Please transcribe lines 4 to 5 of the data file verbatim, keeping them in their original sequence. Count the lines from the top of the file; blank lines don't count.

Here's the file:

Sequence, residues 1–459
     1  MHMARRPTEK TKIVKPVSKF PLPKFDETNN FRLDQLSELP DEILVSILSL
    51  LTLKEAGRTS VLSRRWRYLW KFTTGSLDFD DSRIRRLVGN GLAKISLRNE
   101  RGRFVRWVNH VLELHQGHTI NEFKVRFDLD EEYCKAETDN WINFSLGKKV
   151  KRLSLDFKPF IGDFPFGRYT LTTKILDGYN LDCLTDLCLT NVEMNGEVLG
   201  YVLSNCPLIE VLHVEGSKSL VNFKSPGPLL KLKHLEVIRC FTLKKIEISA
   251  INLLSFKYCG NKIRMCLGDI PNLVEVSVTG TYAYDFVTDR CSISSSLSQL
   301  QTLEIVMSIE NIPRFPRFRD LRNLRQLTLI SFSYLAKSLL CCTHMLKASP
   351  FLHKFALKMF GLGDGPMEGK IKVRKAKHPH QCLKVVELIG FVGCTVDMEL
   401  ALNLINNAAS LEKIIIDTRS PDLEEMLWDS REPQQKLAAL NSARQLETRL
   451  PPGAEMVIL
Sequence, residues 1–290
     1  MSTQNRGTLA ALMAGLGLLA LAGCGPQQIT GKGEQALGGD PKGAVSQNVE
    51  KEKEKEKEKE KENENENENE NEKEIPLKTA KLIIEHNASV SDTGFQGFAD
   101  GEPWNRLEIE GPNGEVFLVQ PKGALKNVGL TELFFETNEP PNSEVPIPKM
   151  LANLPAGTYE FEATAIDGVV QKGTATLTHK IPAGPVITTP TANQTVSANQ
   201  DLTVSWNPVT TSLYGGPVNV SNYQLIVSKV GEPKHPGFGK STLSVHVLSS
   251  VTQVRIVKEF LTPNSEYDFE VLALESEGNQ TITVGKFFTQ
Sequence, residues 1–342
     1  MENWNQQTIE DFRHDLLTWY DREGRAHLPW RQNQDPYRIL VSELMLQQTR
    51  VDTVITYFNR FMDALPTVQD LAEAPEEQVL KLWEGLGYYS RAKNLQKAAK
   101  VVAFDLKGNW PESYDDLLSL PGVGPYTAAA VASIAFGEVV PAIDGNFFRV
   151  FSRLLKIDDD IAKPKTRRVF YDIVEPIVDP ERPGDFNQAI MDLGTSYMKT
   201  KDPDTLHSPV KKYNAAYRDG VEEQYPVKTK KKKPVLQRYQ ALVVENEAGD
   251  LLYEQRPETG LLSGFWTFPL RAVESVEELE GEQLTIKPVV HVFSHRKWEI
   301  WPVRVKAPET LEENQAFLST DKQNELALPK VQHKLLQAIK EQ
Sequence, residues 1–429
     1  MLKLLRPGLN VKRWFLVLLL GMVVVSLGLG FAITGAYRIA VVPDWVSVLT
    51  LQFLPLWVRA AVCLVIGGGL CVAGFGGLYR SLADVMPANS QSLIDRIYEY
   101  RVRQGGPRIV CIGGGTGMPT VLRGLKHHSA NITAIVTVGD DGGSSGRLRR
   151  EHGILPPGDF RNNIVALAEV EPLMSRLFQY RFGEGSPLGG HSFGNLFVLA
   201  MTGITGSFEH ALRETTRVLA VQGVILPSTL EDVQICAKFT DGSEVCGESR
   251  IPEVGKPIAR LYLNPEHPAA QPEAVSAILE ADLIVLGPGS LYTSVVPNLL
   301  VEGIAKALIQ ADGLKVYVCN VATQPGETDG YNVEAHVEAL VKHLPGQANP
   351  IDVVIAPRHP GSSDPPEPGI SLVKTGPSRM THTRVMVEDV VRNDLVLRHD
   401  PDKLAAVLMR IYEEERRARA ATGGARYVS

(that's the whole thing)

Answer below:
   101  RGRFVRWVNH VLELHQGHTI NEFKVRFDLD EEYCKAETDN WINFSLGKKV
   151  KRLSLDFKPF IGDFPFGRYT LTTKILDGYN LDCLTDLCLT NVEMNGEVLG